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# How To Use Exponents In Google Sheets

Exponents are easy to use in Google Sheets. This guide runs through the fastest ways to implement them, followed by real-world examples.

There are two main ways to create exponent functions in Google Sheets. The quickest way to add an exponent in Google Sheets is to use the caret symbol (^) so we will go through that first. Links to the sample sheets are available in the examples section.

### Exponents Using the Power Operator (^)

Here's the step-by-step guide:

1. Type = into the cell you want to place the exponent formula in.
2. Input the base number you will be using the exponent on.
3. Hold the shift key and press 6 (on a regular keyboard) to insert the caret symbol (^) followed by your exponent (e.g. =2^3).

I rate this as the simplest way because it does not require learning any new functions and the exponent is created in the same way it is when writing normal math.

### Exponents Using the Power Function =POWER()

Here is how you use the POWER function for exponents:

1. Type =POWER( into the cell you wish to work in.
2. Input the base number followed by a comma and then insert the exponent.
3. Close the bracket e.g. =POWER(2,6) and hit enter to see your result.

### Example #1

The first example will involve a straightforward scenario. Say we need to raise a base of 2 to the power of 4. There are two main ways of achieving the correct result and both examples are shown on the sheet here.

The first way of working out the result is by writing out the exponent notation: =2^4

Alternatively, we can use the POWER function. When using this function, remember that the base that comes first, followed by the exponent: =POWER(2,4)

### Example #2

Now let's say we have a list of numbers we want to raise to a given exponent. In this example, we will use cell references to raise the list of numbers to the same power and print the result into the cell next to the base.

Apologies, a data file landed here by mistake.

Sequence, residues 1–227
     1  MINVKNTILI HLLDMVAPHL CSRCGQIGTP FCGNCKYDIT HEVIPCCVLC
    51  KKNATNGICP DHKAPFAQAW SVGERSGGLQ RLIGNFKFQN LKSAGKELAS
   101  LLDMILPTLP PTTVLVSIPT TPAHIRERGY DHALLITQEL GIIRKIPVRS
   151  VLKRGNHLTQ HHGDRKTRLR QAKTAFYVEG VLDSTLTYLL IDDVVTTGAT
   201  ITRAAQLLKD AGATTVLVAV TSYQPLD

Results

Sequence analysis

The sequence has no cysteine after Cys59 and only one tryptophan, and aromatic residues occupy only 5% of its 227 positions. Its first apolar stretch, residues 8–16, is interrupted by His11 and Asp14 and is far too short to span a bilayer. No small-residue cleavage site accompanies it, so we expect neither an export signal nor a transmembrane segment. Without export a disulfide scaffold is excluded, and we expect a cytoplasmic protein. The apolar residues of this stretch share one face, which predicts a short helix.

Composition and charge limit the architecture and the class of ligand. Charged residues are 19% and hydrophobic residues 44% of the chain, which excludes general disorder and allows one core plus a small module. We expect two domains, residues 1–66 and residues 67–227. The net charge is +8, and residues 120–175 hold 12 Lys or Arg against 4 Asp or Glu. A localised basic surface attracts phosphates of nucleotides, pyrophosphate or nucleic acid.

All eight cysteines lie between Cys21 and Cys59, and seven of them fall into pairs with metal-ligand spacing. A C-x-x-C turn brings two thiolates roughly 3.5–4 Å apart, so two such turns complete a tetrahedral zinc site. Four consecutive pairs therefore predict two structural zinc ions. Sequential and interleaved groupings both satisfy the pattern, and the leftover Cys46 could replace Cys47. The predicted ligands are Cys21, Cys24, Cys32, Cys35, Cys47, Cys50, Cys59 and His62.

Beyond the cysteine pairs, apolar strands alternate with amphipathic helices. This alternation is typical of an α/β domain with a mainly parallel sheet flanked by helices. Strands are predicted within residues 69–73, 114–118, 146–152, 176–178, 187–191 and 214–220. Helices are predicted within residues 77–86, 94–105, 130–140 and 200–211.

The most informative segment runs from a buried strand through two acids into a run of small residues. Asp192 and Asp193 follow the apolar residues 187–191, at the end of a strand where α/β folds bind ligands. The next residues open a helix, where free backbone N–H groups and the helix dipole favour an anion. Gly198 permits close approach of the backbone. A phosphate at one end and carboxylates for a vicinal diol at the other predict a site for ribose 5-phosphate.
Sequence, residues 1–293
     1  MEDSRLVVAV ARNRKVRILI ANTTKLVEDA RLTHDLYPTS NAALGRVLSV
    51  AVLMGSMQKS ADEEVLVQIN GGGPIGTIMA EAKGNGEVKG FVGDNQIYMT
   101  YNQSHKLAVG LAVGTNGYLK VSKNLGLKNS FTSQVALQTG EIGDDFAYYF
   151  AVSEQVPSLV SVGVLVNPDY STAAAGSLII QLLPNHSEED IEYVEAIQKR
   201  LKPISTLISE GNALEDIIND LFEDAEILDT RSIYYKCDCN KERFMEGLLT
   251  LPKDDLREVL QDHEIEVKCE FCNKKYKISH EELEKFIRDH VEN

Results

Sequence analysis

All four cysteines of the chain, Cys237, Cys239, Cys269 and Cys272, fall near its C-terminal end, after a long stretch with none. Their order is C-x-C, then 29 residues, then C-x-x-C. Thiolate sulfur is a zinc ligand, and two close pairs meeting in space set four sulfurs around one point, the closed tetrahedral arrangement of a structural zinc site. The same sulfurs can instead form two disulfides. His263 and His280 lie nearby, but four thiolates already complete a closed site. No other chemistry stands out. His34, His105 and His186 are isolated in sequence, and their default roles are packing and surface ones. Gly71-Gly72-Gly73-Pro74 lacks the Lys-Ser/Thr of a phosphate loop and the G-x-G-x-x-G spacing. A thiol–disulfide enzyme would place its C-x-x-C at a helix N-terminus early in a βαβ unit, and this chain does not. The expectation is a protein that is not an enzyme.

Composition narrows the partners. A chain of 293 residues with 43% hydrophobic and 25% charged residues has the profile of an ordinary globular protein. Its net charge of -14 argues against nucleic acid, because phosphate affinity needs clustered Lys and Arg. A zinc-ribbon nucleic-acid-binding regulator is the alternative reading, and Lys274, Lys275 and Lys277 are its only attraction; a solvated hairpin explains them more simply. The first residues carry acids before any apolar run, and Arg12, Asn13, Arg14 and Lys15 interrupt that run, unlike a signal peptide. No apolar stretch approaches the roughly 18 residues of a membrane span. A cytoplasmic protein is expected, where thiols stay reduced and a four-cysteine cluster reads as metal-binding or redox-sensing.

There are two ways of achieving the desired result. The first is by writing out the exponent notation and the second is by using the POWER function.

For this example, we will store the exponent in cell D2. It would be long-winded to type out a unique function for every single number so we will create a formula that we can drag. In order to do this we need to use an absolute reference when typing in the exponent. That way when we drag the formula, the exponent stays constant.

Using exponent notation, we will reference the cell containing our base and use an absolute reference for the exponent value. For this example, the resulting formula is =A2^\$D\$2.

Using the POWER function, we again reference the cell containing our base and use the absolute reference for the exponent, resulting in the formula: =POWER(A2,\$D\$2).

Both of the resulting formulae can be dragged so there is no need to write them out again for the other bases.

If you would like to take a closer look at the workings behind this, the example sheet is here.

There are a huge number of use cases for exponents and I hope the examples above can be applied to your situation. If anything has been missed, drop a comment down below and we will try to add an example that covers the concept of the problem you're working on!